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When She Wants Adoption And You Don’t

Birth father choosing adoption<< Back to Birth Fathers

Facing an unplanned pregnancy and considering adoption can seem unreal to many guys. This decision is just as difficult for you as it is for the child’s mother. Coming to an agreement might seem impossible, but right now, you both have to put your baby’s best interest first. Let’s start by considering some basics…

If she wants adoption, it means she can’t or doesn’t want to be a mom right now.

What kind of a mother do you want your child to have? One that is eager to spend every day with your baby, or one that was forced into it, who may feel resentful toward you and your child? Whether or not the two of you are in a solid, supportive relationship, forcing her to raise the baby won’t be best for anyone.

Some guys think they can just give the baby to their mom or current girlfriend to raise, but remember, your child’s mother still has parental rights and may not consent to either of those options. Just because she wants adoption doesn’t mean she doesn’t love this child. She is trying to give this child what she feels is the best opportunity for a bright future.

What kind of father are you being right now, before your child is born?

Are you going to every doctor’s appointment and providing emotional and financial support for your baby’s mother? That is part of being a good dad now, even before your child is born. Are you working on a solid, supportive relationship together, even if you are no longer romantically involved?

Take it one step further and ask yourself if you are partying or using drugs? Do you have a reliable job, a safe home, and insurance, both medical and life in case something happens to you? Do you have a support system of healthy people in your life?

All of these things are part of demonstrating you are ready to be a father now. It starts before your baby is born.

Do you see choosing adoption as being a failure as a father?

Considering adoption may feel like you are a failure as a father. Maybe you are disappointed in yourself and have a fear that family, friends, buddies, and co-workers will not look at you the same. Making an adoption plan takes a lot of courage and love. It’s not easy to put the needs of your child above your own feelings.

Guys often struggle to come to grips and accept the fact that at this time in their lives they cannot be a dad and provide what a child needs. It takes time to wrap your head around that feeling. It becomes about the child and not you. Take yourself out of the picture and instead put the future needs of this baby into focus. It can be tough to admit that you are not in a place to fulfill all your child’s needs.

Supporting an adoption plan doesn’t mean you are a weak, uncaring, irresponsible guy not living up to the responsibilities of a dad. It’s actually the opposite — you are man enough to see what is best for your baby. The man you are today is one that responsibly meets the needs of the mother and child as they come up.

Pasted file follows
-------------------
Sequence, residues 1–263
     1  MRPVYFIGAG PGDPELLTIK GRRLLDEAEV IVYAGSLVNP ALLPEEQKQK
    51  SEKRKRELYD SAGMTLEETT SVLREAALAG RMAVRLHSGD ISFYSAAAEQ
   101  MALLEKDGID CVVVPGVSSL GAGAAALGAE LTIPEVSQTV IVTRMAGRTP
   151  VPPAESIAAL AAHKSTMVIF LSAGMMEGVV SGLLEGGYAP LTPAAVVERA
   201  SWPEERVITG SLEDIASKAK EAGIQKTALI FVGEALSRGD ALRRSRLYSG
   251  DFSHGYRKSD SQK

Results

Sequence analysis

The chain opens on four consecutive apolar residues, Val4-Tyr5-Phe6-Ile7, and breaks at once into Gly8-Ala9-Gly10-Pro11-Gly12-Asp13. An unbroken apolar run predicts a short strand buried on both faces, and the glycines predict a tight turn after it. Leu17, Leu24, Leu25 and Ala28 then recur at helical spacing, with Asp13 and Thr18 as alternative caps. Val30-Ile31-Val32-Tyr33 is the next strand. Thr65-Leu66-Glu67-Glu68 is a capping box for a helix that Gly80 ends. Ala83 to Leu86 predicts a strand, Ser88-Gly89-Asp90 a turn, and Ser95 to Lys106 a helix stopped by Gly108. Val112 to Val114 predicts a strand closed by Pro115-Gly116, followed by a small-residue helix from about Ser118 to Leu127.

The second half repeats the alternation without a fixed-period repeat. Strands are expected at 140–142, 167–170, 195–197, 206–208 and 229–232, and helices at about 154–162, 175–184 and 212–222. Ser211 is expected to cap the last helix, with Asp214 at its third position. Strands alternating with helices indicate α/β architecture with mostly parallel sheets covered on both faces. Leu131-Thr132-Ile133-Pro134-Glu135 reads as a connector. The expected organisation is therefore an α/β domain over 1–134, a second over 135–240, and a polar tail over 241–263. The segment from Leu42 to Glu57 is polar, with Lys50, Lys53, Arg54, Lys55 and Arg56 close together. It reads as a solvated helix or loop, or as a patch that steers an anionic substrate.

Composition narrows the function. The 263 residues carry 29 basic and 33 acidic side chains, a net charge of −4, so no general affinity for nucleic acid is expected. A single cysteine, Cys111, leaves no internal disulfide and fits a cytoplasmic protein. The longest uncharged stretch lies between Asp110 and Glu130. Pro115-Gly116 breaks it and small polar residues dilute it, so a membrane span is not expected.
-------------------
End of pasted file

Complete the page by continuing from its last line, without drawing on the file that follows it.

You can be involved in creating the open adoption plan.

As the child’s father, you can choose to play an active role in creating the adoption plan for your child. You can help choose the family and talk to them prior to the adoption. You can receive your own updates after the adoption is complete, and participate in visits if you want. Many times, the relationship with the adoptive parents is one that feels like extended family, and it can be this way for you too.

Even if you and the child’s mother are not together, you can still maintain your own contact in the future. If your own mother wants that involvement, she can too as the birth grandmother. We are happy to help arrange that connection.

If you are committed to parenting this child and stopping an adoption plan, make a written plan.

If after learning about adoption, you still want to parent, then it’s time to make a plan with the child’s mother. Here is a starting list of what you will need to agree on before the child is born:

  • How you will help and provide through the rest of her pregnancy
  • Commit to child support payments for at least 18 years
  • Who will provide childcare when you both are working
  • Medical insurance and transportation for doctor’s visits
  • Custody arrangements – she may want the child to be full time with you
  • What a healthy lifestyle and home looks like
  • Agree on who the child will be allowed to be around (girlfriends, parents, etc.)

If you are insisting she parent, even though she wants to choose adoption, put this plan in writing so she has the reassurance that you are prepared to be an equal partner in parenting your child.

If you want to learn more about adoption

We can help you learn more about adoption and how you can participate in the adoption plan. You may have questions about your choices or what open adoption looks like. We will provide you with the help you need to make the best possible choice for your child.

We have free counseling as part of our adoption services for both birth parents, and our adoption coordinators are here for you 24 hours a day.
Call or text Lifetime anytime, 24/7 1-800-923-6784